Travel TV Star Peter Greenberg Didn’t Want to Go to a Meeting Anymore, Thinks Orbitz or American Should Pay Him for That

Peter Greenberg was inconvenienced by the recent Northeast snowstorm and he wants Orbitz to get him a refund. Even though his flights operated exactly as-scheduled.

Airline ‘Weather Waivers’ Have Been Way Too Inflexible

Greenberg writes,

[U]nder most of the airline “waivers,” passengers were allowed to rebook their flights as long as they flew by today. Are they kidding? It’s almost impossible to do that.

Limiting no-penalty travel changes to travel by Friday, with a storm that was expected to wallop the region Tuesday and Wednesday, makes little sense ex ante. As it turns out, things worked out reasonably well. The air transportation system as a whole wasn’t impacted as much as expected. So you didn’t have the kind of debacle with aircraft out of position that takes days to recover from.

We easily could have seen people rebooking flights, and finding themselves having to rebook again under another weather waiver. And this sort of inflexible policy ties up inventory, clogs up phone lines, and makes it harder to recover from a weather event rather than making it easier.

So I do think the airlines generally have been too stringy with their weather waivers recently, requiring travel during too limited of a window (I know I don’t find it easy to completely rebuild meeting schedules and trips). My own approach would be to take a full refund rather than re-scheduling, and then rebook later.

Greenberg’s Travel Fouled By Weather, Sort Of. Demands Refund.

Here’s what he had booked:

I flew from New York to Dallas on Monday and got out of LaGuardia just before the airport closed. I was also scheduled to fly to Los Angeles on Tuesday evening to meet colleagues flying out of New York. I booked the tickets with Orbitz on American/US Air code share flights.

He flew to Dallas, his flights were not interrupted.

His scheduled onward flights to Los Angeles were all operating as-planned.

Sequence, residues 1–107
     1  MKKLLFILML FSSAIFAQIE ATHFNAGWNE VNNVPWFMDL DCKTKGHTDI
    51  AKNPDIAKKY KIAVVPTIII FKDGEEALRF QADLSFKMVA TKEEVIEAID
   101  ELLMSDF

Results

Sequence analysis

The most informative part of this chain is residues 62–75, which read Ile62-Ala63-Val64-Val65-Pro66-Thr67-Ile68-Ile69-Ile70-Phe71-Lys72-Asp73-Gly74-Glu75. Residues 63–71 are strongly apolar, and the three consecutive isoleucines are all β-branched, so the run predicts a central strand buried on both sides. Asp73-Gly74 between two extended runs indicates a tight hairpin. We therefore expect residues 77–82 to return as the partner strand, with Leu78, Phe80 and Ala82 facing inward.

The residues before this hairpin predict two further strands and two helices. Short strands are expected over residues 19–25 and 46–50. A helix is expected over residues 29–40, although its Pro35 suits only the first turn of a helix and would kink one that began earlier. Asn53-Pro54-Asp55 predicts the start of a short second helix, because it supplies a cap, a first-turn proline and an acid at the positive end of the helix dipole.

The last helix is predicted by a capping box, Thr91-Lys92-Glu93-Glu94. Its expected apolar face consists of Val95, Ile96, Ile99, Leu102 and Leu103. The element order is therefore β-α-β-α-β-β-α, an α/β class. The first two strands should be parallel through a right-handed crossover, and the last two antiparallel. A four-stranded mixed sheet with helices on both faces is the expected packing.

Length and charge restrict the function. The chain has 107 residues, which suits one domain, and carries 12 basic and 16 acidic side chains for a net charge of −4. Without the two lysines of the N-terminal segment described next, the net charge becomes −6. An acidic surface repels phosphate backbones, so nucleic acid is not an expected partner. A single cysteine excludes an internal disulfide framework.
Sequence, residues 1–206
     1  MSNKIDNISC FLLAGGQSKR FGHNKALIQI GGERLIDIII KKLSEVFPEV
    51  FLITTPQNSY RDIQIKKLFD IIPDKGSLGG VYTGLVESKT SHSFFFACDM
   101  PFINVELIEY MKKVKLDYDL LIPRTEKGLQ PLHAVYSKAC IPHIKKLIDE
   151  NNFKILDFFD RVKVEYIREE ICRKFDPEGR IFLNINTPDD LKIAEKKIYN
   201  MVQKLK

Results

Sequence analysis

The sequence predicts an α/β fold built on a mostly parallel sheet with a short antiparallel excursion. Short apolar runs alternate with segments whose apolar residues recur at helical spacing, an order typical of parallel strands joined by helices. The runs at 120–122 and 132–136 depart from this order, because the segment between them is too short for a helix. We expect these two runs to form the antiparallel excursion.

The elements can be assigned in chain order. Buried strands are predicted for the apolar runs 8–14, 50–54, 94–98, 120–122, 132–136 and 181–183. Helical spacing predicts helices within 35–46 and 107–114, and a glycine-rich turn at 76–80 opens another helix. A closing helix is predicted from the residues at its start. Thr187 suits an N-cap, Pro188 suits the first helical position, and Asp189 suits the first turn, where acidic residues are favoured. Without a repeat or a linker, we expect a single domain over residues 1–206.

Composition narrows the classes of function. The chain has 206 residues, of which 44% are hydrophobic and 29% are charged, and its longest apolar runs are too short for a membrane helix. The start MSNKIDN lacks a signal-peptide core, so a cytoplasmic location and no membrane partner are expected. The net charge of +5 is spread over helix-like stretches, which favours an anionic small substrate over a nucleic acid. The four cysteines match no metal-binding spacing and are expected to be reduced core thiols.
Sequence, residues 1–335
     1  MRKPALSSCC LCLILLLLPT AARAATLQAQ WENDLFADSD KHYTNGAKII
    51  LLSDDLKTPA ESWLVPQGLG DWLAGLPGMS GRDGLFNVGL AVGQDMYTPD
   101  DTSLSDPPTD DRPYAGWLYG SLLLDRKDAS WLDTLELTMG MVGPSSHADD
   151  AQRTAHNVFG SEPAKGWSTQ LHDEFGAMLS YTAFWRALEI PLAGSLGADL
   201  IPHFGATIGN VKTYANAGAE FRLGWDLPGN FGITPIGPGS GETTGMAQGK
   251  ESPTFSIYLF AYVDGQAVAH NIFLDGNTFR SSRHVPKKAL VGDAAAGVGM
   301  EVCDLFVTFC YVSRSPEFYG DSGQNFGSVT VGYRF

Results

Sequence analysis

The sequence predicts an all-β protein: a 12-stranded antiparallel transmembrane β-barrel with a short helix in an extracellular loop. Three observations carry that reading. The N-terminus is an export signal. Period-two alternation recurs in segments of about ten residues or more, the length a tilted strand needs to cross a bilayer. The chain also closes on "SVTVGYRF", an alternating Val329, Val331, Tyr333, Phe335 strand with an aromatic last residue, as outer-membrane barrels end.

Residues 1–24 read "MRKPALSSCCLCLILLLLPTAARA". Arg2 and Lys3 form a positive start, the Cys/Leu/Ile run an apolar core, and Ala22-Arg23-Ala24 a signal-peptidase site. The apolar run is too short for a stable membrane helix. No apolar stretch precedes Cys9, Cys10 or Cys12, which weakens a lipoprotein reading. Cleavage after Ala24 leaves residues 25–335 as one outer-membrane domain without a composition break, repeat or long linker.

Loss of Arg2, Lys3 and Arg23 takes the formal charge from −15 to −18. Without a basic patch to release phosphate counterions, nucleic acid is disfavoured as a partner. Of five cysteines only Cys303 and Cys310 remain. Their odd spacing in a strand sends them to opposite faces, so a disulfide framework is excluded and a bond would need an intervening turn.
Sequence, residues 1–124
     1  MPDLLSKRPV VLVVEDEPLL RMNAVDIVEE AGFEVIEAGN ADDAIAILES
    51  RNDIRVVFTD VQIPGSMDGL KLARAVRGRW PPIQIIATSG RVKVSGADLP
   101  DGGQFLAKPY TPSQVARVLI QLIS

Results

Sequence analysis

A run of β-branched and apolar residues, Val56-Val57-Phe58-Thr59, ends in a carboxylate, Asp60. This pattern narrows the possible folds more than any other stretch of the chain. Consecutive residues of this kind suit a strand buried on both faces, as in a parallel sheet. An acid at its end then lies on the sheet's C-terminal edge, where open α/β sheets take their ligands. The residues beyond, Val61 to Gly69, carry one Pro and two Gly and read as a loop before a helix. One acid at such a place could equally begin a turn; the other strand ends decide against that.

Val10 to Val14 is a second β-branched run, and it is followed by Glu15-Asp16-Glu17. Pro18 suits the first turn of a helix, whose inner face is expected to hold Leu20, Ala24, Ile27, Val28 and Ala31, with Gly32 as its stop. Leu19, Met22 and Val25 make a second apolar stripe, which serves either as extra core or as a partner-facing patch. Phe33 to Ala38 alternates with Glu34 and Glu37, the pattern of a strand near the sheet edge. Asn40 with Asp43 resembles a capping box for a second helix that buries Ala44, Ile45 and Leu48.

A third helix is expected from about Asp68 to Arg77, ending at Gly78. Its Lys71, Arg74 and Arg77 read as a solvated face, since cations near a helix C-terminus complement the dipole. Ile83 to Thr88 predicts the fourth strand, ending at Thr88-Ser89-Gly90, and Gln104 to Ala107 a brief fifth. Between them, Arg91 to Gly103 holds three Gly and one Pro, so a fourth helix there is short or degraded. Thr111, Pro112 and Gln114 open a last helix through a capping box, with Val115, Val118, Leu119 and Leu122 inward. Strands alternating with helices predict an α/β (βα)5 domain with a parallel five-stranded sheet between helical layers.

It turns out though that his meetings in Los Angeles would no longer be productive, because people couldn’t get there from New York due to the impending storm. So he wanted to go home to New York, skip the rest of his trip, and get a full refund.

He’s frustrated because he had to talk to Orbitz, since he booked through Orbitz. And he shouldn’t have booked a codeshare rather than the natural American flights. Booking codeshares isn’t ever a good idea without a specific, compelling reason (like cheaper flights, or mileage accumulation).

But he got through to Orbitz, and they metaphorically laughed at his refund request — because his flights were operating as scheduled, because he wasn’t even flying from a city affected by the weather waiver.

I called Orbitz and they declined the refund, claiming that since there was no weather in Dallas, they wouldn’t refund anything because the flights were scheduled to operate.

But I was indeed stranded because all my colleagues were stranded by weather. No one at Orbitz would help. I was then told I would forfeit my entire fare. That, ultimately, is what happened.

So, will I accept Orbitz’s refusal to honor the waiver? Of course not. First, I am disputing the charge on my credit card.

“I was stranded because all my colleagues were stranged…” strikes me as not quite correct. He no longer had a reason to travel. Just as if his meetings got cancelled for some other reason, maybe he was meeting with a movie studio and their servers got hacked and the executives had to cancel. He’d have been left with non-refundable tickets and no reason to use them.

For this trip he would only “forfeit the entire fare” if he decided not to take the flight segments in order. He could have paid to make a change. But he wanted to throw away the rest of the trip and just book a new ticket home (or travel elsewhere, he doesn’t say).

So he’s going to file a chargeback with his credit card company. He should lose that, because he was asking for something he wasn’t entitled to, and because the airline was providing transportation that they had promised to.

He’s also demanding that Orbitz executives be called to account.

I couldn’t fly because of the weather—because my colleagues were also trapped. Since the Orbitz representatives refused to budge, I will give Orbitz executives an opportunity to explain their logic—through this posting—to me and everyone else.

Of course, he could fly. His colleagues’ travel had no bearing on whether he was able to take his flights as-scheduled. It changed only his interest in and willingness to take those flights.

Should Orbitz have processed a refund for Peter Greenberg, in violation of American’s weather waiver and knowing that they’d receive a debit from the airline for having done so?

(HT: Jonathan W.)


About Gary Leff